“These videos can be very effective in messaging but require the right context,” Rosen said. “We’re able to see real-time performance metrics including who opened, saw, and watched these videos by department.” Those metrics in turn help the enterprise understand what most interests their employees.
The corporate communications professional
The accelerated growth of the use of video means the role of the corporate communication professional requires multidisciplinary skills. The challenges they face and variety of communication medium at their disposal mean that internal communication professionals now have omni-channel responsibilities, Rosen said.
Internal communications is a growing hiring category for many companies. RMG is seeing some enterprise customers assign ‘beat reporters’ or designated content contributors. These focused contributors feed the voice of their region or department into corporate communications via employee spotlights, anniversaries, recognition, and other newsworthy items which build the corporate culture.
Using corporate communications to help move employees from passivity to engagement can be supported by digital signage messaging. “The objective is to move employees from ‘I don’t know’ to ‘I know what’s going on and still don’t care’ and finally to ‘I know and I care!’ That’s the key – move from ‘get heard’ to ‘get change’” Rosen said.
Internal communications benchmark study
This year, RMG, along with Ragan Communications, has published an internal communications benchmark study that includes over 300 full responses from stakeholder involved in employee communication.
Key findings from the study include:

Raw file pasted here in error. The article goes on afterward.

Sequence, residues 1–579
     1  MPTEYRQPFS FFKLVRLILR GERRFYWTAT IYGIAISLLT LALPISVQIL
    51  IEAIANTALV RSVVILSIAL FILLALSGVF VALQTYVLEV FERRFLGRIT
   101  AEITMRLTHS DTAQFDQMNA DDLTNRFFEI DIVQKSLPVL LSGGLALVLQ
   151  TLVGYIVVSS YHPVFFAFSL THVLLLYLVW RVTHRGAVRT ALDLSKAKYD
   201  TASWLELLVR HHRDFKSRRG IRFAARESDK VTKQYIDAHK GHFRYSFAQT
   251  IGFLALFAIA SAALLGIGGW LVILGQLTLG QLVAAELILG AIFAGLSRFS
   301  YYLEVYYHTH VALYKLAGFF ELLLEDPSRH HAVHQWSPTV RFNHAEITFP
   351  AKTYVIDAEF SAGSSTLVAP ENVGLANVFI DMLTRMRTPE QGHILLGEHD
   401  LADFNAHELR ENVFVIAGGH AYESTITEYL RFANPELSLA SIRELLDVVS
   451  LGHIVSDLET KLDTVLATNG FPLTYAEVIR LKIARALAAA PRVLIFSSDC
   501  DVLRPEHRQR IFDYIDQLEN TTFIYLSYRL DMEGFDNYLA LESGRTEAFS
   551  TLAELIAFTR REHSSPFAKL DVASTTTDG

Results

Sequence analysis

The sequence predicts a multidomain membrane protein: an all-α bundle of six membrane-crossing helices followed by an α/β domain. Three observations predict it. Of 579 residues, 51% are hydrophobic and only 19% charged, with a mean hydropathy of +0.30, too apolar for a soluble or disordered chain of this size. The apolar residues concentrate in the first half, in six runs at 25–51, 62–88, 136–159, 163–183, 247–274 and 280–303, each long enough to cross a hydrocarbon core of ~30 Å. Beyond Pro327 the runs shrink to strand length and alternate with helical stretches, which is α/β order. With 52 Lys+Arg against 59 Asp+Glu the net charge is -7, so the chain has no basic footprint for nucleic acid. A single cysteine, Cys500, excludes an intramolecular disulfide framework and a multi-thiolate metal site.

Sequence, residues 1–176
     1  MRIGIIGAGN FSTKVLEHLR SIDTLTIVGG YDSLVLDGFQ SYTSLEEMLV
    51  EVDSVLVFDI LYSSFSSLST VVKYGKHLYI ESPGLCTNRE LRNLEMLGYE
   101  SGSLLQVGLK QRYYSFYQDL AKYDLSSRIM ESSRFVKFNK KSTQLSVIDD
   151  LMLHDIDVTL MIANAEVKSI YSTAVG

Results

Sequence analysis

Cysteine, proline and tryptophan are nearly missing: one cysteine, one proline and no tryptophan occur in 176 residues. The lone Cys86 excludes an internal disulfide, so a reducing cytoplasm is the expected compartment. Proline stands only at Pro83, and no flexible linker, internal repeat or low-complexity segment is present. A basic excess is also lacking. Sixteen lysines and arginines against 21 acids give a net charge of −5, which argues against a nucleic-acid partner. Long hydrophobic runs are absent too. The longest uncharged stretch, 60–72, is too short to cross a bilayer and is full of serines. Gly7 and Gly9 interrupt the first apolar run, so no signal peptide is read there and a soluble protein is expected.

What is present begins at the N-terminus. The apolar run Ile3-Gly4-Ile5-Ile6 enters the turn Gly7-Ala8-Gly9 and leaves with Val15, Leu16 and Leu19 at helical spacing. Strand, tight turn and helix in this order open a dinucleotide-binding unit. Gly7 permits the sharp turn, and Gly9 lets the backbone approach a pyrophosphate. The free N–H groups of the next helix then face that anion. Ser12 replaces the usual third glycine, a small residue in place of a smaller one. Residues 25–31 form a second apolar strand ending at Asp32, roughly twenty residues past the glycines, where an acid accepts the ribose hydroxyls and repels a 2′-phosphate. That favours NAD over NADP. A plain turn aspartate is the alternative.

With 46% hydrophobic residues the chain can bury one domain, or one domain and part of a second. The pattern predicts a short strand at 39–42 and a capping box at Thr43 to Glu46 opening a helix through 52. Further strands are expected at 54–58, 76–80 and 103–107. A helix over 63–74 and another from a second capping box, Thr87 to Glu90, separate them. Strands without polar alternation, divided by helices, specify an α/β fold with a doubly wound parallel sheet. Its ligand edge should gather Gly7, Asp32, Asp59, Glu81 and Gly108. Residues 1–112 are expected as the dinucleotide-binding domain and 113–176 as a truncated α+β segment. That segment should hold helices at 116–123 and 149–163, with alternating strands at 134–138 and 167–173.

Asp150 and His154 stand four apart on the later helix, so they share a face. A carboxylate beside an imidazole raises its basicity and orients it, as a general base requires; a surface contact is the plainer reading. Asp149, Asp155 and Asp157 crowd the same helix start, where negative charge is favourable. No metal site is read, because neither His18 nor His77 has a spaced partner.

• Employee engagement is notoriously hard to measure, which poses a challenge for both HR and communications teams. Technology – such as self-service and pulse feedback tools – is enabling employers to communicate in new ways to establish a more holistic employee engagement approach. It is important to understand how to best use these technologies to drive engagement and choose the right platform(s) that aligns with your business goals. A content management system, for example, enables individuals to publish content across multiple channels.
• To enable powerful internal communications, the ability to receive real-time feedback can allow an ability to gain insights about your employees. Knowing what percentage of employees accessed the content, how many people watched the video, if it was accessed across all departments, etc., can help better enable communication across the organization.
• It is important for employees to feel compelled to act on the messaging they are receiving from internal communications. This can be done by applying user segments for tagged content to create personalized messaging. With Korbyt, for example, these tags can include roles, channels, teams, departments and more. Employees want to see content that will impact them directly, therefore employers need to be able to easily share content that is specific and relevant.
• Having a scalable CMS platform can better enable employers to create, manage and deploy content across a variety of endpoints, including mobile apps. The key to messaging is that they are consistent and consumable. As the study notes, CMS platforms can be a gateway to creating a truly interactive employee experience.